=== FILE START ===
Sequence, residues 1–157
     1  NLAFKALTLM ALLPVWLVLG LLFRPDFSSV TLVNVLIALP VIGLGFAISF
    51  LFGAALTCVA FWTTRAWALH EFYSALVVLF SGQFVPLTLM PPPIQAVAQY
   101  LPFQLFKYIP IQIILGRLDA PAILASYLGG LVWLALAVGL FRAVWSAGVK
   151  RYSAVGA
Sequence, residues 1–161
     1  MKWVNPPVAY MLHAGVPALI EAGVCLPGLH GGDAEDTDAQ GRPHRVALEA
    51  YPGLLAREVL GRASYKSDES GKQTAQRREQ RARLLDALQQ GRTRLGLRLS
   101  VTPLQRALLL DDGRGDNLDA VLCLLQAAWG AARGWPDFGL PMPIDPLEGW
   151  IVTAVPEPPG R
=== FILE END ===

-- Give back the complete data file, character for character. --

Sequence, residues 1–157
     1  NLAFKALTLM ALLPVWLVLG LLFRPDFSSV TLVNVLIALP VIGLGFAISF
    51  LFGAALTCVA FWTTRAWALH EFYSALVVLF SGQFVPLTLM PPPIQAVAQY
   101  LPFQLFKYIP IQIILGRLDA PAILASYLGG LVWLALAVGL FRAVWSAGVK
   151  RYSAVGA
Sequence, residues 1–161
     1  MKWVNPPVAY MLHAGVPALI EAGVCLPGLH GGDAEDTDAQ GRPHRVALEA
    51  YPGLLAREVL GRASYKSDES GKQTAQRREQ RARLLDALQQ GRTRLGLRLS
   101  VTPLQRALLL DDGRGDNLDA VLCLLQAAWG AARGWPDFGL PMPIDPLEGW
   151  IVTAVPEPPG R